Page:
Review Fridays: The First Violin

The details:

Title: The First Violin
Author: Jessie Fothergill
Genre: Fiction (first published in 1877)
Pages: 580
Where to buy: Barnes & Noble link

Our heroine, May Wedderburn, is the first narrator of Jessie Fothergill’s The First Violin. Her wealthy neighbor, Sir Peter Le Marchant, wants to marry her. Even though her family is poor and the marriage would be advantageous, it is the last thing May wants. She refuses him. May is miserable in her small town life and feels that, if she had a bit of training in music, she could become a teacher and earn her own living. Luck offers May an opportunity to escape. Her blind neighbor, Miss Hallam, is going to the fictional town of Elberthal, Germany, for eye treatments to try to regain some of her sight. She offers to bring May along, both as a companion and so that May can take singing lessons.

At the train station in Cologne, May loses track of Miss Hallam and misses the train to Elberthal. Unable to speak German and lacking money, she feels despondent until she meets a handsome gentleman who happens to be going to Elberthal. They spend a magical afternoon together in Cologne, having lunch and listening to music in the cathedral, before catching the next train to Elberthal. But it turns out that everything was not on the up-and-up with him. He lied about there not being any earlier trains.

May finds him performing in the local orchestra as the first violin. In some embarrassment, May looks down instead of returning his greeting. She lives to regret this decision many times over as the man, Eugen Courvoisier, with his strict moral code, takes this as a sign that May would rather not know him and acts accordingly. He pretends not to know her even when May offers apologies and tries to pay him back the money he spent on her lunch and train ticket. This, to be honest, is the part of the book that strains credulity with me. There are other reasons why Eugen keeps his distance from May, but, for three-quarters of the novel, it seems cruel and makes it difficult to fully like Eugen. As May hopelessly falls in love with the proud Eugen, she finds some consolation in her exceptional talent for singing and her friendship with her singing coach, the town’s musical director, Max von Francius.

Our other narrator is Eugen’s friend and roommate, Friedhelm Helfen. It becomes apparent that Eugen is hiding a past, but Friedel is not the type to ask questions. All he knows is that Eugen has been a great friend to him in a time when he needed one. He also dotes upon Sigmund, Eugen’s stoic, precocious son. The dual narrative brings a different perspective on the inhabitants of Elberthal. I enjoyed reading the quiet moments between the characters. However, drama must win out, and their happy existence cannot last. Friedel and May both make excellent narrators. Friedel is almost too good to be true: loyal and kind to a fault. May’s enthusiasm for life brightens a sometimes depressing story.

My favorite part of the book is an utterly charming scene that takes place on a bridge on the Rhine during a storm. Like other Victorian novels, much of the plotting is left to coincidence and chance. This is one of those rare books that, even though my edition was over 500 pages, I wished there had been an extra 100 pages at the end to wrap up the story. Everything felt rushed in the final few chapters. This was all due to how well the characters were developed; I cared so much about them all that I wanted more. Overall, I enjoyed this Victorian novel set partially in Germany, which showed such a vast appreciation of music.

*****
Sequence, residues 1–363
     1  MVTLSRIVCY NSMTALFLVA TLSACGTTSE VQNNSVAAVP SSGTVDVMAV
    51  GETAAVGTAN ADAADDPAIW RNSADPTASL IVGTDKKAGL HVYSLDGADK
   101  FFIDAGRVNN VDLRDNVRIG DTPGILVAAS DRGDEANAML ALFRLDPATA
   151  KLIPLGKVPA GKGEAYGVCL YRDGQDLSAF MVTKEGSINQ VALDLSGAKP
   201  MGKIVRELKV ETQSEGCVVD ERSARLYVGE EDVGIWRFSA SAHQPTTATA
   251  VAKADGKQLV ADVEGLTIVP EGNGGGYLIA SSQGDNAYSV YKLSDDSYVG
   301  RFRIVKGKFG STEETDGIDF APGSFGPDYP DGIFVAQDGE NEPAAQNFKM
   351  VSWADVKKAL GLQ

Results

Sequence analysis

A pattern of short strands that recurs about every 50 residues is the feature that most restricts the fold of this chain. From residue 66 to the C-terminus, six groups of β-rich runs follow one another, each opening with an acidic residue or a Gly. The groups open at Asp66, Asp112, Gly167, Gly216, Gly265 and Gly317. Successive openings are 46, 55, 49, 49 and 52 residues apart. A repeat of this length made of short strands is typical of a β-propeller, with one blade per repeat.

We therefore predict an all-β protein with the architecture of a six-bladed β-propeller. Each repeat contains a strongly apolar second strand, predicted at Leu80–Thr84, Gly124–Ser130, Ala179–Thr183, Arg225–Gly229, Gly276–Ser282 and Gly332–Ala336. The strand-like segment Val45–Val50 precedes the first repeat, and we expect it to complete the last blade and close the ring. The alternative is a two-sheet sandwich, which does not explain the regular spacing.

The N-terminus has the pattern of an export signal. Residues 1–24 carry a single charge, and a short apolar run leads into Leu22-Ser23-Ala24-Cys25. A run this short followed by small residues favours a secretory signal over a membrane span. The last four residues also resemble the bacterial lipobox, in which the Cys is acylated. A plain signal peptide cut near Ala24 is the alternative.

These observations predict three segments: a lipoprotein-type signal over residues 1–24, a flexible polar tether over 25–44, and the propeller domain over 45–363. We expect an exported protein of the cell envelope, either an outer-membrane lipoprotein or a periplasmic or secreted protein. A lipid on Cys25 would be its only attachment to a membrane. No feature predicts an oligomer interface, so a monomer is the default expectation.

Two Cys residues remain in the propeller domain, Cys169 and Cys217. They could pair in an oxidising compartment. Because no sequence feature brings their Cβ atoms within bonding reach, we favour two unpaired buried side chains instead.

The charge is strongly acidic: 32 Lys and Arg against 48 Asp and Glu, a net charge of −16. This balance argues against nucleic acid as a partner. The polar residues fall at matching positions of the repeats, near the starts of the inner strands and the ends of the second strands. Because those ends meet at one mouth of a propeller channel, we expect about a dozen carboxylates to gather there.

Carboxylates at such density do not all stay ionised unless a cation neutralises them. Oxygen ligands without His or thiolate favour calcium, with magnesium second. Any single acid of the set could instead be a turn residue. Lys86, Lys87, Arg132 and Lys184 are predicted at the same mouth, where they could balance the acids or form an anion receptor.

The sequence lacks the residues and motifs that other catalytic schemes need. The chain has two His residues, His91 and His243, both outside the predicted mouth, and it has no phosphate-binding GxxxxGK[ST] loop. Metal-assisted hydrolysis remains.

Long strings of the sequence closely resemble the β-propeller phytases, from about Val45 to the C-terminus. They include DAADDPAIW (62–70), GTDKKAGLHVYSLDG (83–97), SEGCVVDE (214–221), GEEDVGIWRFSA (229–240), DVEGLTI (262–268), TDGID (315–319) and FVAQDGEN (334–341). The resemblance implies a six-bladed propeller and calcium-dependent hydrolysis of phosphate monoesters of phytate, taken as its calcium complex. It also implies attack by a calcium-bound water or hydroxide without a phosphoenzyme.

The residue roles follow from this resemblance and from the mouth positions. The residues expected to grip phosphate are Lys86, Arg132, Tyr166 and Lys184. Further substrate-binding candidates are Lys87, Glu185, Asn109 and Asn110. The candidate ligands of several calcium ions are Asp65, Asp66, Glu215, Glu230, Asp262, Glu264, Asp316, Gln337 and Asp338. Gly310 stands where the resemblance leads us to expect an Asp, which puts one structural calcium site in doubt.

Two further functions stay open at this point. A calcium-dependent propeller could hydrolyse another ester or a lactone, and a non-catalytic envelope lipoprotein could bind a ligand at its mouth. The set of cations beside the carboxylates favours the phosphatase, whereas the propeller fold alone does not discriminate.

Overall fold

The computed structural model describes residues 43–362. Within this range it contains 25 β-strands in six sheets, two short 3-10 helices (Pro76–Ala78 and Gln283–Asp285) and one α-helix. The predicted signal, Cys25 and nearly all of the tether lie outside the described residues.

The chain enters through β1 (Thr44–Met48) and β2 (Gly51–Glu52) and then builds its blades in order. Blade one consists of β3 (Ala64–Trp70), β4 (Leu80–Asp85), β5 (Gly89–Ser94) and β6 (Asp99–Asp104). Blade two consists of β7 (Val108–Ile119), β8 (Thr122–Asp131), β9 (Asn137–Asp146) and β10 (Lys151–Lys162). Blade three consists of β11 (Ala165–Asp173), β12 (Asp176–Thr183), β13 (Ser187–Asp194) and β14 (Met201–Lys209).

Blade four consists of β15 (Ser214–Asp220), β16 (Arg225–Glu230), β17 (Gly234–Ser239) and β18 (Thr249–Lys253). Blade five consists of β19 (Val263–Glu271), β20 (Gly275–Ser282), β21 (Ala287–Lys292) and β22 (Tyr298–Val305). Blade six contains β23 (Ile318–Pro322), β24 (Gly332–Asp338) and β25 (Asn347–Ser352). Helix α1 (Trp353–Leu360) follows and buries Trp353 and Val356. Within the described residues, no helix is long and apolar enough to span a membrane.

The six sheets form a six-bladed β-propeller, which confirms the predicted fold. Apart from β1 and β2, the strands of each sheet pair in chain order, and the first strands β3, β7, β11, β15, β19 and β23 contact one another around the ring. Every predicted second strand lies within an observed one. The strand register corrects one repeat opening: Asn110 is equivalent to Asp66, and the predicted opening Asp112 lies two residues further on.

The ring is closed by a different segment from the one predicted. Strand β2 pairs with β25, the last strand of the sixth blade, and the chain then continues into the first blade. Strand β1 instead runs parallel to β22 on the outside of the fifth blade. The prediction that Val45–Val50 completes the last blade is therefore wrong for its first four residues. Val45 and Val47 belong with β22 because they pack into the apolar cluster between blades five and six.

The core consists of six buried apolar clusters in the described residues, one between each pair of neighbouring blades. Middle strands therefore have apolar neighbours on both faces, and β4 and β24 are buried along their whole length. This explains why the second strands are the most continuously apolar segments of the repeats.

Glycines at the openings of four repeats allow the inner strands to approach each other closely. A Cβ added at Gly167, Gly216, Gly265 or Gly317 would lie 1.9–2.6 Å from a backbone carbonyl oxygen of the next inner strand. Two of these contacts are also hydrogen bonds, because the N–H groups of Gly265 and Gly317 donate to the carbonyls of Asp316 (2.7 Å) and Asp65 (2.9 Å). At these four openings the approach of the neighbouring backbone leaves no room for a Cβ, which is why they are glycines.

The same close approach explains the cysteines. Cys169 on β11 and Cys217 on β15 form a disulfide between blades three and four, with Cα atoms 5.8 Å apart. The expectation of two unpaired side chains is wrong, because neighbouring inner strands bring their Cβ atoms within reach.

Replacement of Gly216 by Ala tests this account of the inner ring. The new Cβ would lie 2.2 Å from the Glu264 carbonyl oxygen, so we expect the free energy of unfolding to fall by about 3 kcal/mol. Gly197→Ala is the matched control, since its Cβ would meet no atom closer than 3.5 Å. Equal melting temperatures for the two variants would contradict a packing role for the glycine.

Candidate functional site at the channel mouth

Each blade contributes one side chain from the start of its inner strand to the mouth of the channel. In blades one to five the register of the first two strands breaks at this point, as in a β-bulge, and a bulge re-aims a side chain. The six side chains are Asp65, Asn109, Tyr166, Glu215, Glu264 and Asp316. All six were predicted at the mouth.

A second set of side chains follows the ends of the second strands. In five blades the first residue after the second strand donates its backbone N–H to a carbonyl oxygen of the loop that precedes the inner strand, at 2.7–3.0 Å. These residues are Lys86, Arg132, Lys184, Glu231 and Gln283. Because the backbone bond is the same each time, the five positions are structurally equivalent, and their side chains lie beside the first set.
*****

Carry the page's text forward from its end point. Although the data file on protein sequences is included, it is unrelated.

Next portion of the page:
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Review Fridays: The Vagabond

The details:

Title: The Vagabond
Author: Colette
Genre: Fiction (first published in 1910)
Pages: 208
Where to buy: Barnes & Noble link

Renée Néré, the protagonist of Colette’s The Vagabond, wants you to know that she is perfectly fine being alone. She left her husband, a philandering artist whom she loved deeply, and decided to earn her living on the stage. She dances in Vaudeville acts in early 20th-century Paris, living with her bulldog, Fossette, and determinedly avoiding entangling herself in a new relationship. Though it’s not always glamorous, she enjoys her life. Her mentor and dance partner, Brague, is supportive but tough. She describes everyone around her in colorful language. For instance, she says that one of her fellow performers has “a heart like that of a dog without an owner, prepared to love anyone who’ll adopt him.”

Renée is the exact opposite of that. She enjoys spending time with her friend, Hamond, and together they bemoan the tragedies of their failed marriages. But love is forcing its way into her life as, after a performance, Maxime Dufferein-Chautel invades her dressing room. She shoos him away as best she can and dismissively nicknames him the Big Ninny. (I read a newer translation and found out that in the previous translation he was the Big-Noodle, which I think I might prefer.) As time goes on, aided by Hamond, the Big Ninny starts to work his way into Renée’s reluctant heart.

Just as Renée and the Big Ninny seem to be getting closer, Brague tells Renée that he planned a six-week working tour around France for them for a large sum of money, if she’s interested. She decides to go, convincing the Big Ninny not to go along with them, as travelling is not romantic and would not be the best way to test a new relationship. From each stop, she writes the Big Ninny letters, punctuating them with her own thoughts told solely to the reader. By this point, it’s hard not to feel close to Renée, to want what’s best for her, and both the reader and our narrator slowly come to the realization of that future, the only future possible for her. Is that future giving love a second chance with the Big Ninny? Or is it another working tour, this time in South America, with Brague? You’ll have to read it to find out.

Colette wrote The Vagabond in a chatty style that makes Renée feel like a friend, someone you made tea for and who is sitting at your kitchen table, commiserating with you about life without being overly sentimental. It also presents an unflinching account of what life was like for a dancer living in Paris at the time. It’s charming and doesn’t show it’s age one bit, much like Renée. I’ve read some of Colette’s more famous work, but this one is my favorite. It’s a story about what it’s like to be a 30-something woman, long before Bridget Jones, but seeming as current today as when it was first published over 100 years ago.